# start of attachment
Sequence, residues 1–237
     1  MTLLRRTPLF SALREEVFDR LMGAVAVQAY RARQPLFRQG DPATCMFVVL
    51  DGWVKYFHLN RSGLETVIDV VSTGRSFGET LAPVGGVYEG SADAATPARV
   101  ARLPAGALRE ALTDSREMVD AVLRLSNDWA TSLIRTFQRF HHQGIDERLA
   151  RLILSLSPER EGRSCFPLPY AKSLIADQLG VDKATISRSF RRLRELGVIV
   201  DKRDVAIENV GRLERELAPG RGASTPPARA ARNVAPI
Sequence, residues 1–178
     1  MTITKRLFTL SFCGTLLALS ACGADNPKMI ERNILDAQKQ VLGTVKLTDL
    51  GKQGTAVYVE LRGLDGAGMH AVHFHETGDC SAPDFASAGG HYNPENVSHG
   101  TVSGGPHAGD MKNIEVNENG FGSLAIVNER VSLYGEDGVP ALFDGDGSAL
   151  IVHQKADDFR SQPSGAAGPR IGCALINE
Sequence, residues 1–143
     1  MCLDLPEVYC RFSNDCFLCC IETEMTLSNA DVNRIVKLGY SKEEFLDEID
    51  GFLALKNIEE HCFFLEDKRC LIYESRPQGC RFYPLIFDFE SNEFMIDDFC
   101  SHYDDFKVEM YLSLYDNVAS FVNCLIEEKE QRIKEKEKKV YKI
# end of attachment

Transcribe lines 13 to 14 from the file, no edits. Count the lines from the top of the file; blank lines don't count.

     1  MCLDLPEVYC RFSNDCFLCC IETEMTLSNA DVNRIVKLGY SKEEFLDEID
    51  GFLALKNIEE HCFFLEDKRC LIYESRPQGC RFYPLIFDFE SNEFMIDDFC